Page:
Want to work on your weaknesses this off-season? This session rolls speed, stamina and strength all into one workout!
For many runners, the winter off-season is a great time of year to take a step back from serious, structured training for a couple months in order to recharge and work on your weaknesses.
And in order to make improvements over the off-season, we know it’s important to work on the elements of stamina, speed and strength, but where the issue often arises for many age-group runners is in finding the time to appropriately address all three of these things over course of a given week of training.
One of my favorite solutions to this problem is a little doozy of a workout I call the Short Circuit. During a time of year when race-specific workouts are de-emphasized in favor of rebuilding your aerobic base for the competitive season ahead, performing this circuit-style workout 1-2 times a week ensures that you’re not neglecting the speed and strength components of a well-rounded off-season training program. And on top of all that, it’s a lot of fun!
This workout requires a small amount of logistical work, so before you get started you’ll need to scope out a nearby track facility (indoor or outdoor) or a quiet stretch of road or trail in close proximity to field or open area (in order to perform some of the ancillary exercises involved). For those of you tied to your treadmill this winter, an indoor setup will work for this workout too. Lastly, you’ll also need a basic watch (or your smartphone or tablet) that has a chronograph or timer setting on it.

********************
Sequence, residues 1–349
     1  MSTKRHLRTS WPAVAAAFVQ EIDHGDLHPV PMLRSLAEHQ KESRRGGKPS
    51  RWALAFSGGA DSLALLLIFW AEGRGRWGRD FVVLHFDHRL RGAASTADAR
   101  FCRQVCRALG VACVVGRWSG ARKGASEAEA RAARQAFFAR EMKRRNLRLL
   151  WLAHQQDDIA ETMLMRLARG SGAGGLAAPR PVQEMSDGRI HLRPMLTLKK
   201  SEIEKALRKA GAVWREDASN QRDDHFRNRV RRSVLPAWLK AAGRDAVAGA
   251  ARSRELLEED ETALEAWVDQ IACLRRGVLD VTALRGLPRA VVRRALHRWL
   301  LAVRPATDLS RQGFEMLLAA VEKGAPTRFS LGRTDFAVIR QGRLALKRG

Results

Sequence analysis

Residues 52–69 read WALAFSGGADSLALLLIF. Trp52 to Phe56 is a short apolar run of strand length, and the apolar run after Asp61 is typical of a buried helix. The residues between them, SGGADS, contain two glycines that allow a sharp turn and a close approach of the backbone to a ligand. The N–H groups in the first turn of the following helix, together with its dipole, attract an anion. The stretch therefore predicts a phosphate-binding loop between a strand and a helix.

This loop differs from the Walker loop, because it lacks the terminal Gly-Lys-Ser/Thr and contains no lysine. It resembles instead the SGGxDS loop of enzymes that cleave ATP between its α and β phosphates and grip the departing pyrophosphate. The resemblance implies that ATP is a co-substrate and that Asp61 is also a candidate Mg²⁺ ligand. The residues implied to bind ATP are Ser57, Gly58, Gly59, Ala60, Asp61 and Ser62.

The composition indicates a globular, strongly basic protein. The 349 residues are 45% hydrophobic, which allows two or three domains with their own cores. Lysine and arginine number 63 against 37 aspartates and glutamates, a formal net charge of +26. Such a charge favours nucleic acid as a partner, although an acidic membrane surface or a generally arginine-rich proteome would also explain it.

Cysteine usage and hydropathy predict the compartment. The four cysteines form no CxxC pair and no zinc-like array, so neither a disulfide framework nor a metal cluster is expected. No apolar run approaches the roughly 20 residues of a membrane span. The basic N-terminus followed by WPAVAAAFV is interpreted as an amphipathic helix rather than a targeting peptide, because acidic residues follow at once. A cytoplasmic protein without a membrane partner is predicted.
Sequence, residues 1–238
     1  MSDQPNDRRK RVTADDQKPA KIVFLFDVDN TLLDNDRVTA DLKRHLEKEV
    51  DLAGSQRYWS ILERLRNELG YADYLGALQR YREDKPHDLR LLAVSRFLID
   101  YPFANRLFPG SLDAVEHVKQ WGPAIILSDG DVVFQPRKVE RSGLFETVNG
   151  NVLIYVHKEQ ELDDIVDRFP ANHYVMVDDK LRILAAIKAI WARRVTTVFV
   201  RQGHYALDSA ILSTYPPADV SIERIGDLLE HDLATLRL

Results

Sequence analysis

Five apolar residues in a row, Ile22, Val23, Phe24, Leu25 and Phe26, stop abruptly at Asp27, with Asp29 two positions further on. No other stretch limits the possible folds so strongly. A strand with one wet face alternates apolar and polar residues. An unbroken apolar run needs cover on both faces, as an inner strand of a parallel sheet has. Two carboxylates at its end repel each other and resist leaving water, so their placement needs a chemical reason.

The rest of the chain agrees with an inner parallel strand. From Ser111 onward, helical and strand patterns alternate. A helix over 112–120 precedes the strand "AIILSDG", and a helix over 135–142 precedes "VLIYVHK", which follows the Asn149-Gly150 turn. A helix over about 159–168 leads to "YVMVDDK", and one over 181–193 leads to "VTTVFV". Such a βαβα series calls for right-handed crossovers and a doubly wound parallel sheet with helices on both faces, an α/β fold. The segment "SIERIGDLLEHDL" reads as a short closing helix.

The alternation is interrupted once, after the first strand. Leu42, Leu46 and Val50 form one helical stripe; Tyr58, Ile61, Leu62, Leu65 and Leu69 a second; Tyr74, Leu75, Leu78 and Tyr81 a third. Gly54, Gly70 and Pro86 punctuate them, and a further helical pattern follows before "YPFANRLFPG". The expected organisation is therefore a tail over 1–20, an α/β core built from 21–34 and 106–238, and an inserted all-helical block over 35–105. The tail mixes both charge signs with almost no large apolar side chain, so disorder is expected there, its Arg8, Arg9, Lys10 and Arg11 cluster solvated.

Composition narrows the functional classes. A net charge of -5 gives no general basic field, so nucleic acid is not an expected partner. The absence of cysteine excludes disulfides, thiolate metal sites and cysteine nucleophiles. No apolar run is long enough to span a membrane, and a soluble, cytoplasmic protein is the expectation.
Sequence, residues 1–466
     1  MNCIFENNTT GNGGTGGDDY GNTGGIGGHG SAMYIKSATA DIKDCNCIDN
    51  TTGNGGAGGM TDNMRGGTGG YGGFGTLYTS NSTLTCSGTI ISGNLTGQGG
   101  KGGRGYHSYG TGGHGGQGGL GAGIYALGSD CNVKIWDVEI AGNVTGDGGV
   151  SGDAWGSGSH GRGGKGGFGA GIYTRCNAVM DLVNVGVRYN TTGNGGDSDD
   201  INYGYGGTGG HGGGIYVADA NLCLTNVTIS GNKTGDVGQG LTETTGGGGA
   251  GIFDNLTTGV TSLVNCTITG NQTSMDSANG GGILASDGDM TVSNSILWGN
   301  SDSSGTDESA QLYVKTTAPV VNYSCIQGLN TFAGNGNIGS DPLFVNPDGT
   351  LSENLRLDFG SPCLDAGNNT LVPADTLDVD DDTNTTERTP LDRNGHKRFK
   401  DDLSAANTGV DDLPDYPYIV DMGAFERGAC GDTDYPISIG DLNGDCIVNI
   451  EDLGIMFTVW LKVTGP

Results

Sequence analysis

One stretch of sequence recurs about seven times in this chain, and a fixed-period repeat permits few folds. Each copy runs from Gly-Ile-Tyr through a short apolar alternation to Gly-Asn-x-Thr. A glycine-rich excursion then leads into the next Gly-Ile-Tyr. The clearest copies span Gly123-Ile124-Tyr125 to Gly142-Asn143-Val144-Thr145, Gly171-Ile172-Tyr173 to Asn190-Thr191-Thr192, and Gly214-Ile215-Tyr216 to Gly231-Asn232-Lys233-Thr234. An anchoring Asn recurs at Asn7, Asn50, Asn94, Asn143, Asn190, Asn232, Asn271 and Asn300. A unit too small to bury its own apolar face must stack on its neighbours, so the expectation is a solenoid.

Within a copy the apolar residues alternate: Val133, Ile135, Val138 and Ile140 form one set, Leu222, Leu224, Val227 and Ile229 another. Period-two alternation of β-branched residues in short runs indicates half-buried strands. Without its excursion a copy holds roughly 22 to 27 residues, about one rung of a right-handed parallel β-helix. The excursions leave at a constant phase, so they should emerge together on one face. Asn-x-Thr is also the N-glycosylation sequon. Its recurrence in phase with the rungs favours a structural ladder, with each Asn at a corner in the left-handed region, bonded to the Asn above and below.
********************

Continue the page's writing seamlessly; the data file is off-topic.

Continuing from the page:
One set of the Short Circuit workout leaves you with 8 minutes of quality running and 3 to 4 minutes of total body strength work. I suggest starting with one set and gradually building up to two over the course of 2-4 weeks. Do this workout 1-2 times a week over the course of your 6-8 week off-season period, giving yourself 2-3 days between sessions. You’ll head into the spring racing season stronger and faster than ever before!
Here’s how to do it:
— Begin with 10 standard pushups and immediately follow with a 30-second sprint at 90 percent of max effort. Note: Focus on maintaining good form during both of these exercises.
— Jog slowly back to where you did the pushups and then assume a front plank position for 30 seconds.
— Follow front plank with with 1 minute of slow, easy jogging, then immediately transition into 1 minute of running at 5K race effort.
— Jog slowly back to where you did the plank and then perform 10 reverse dips on a chair or bench.
— Immediately follow the reverse dips with a 30-second sprint at 90 percent of max effort. Note: Your arms will be tired, but use them!
— Jog slowly back to where you did the reverse dips and then assume a plank position on the right side for 30 seconds. Repeat exercise for 30 seconds on the left side.
— Take 45 seconds standing recovery, then run for 5 minutes (2:30 out, 2:30 back) at 10K to half-marathon race effort.
— Take 1 minute standing/walking recovery after your 5-minute running effort.
— Perform as many burpees as possible in 30 seconds.
— Take 1 minute standing/walking recovery after the burpees and finish with 1 minute of fast, but relaxed running at 5K race pace. If you want to simulate kicking at the end of a race, try sprinting the final 15 to 20 seconds.
Wiped? You should be!
Jog for 10-15 minutes followed by 10 minutes of static stretching exercises.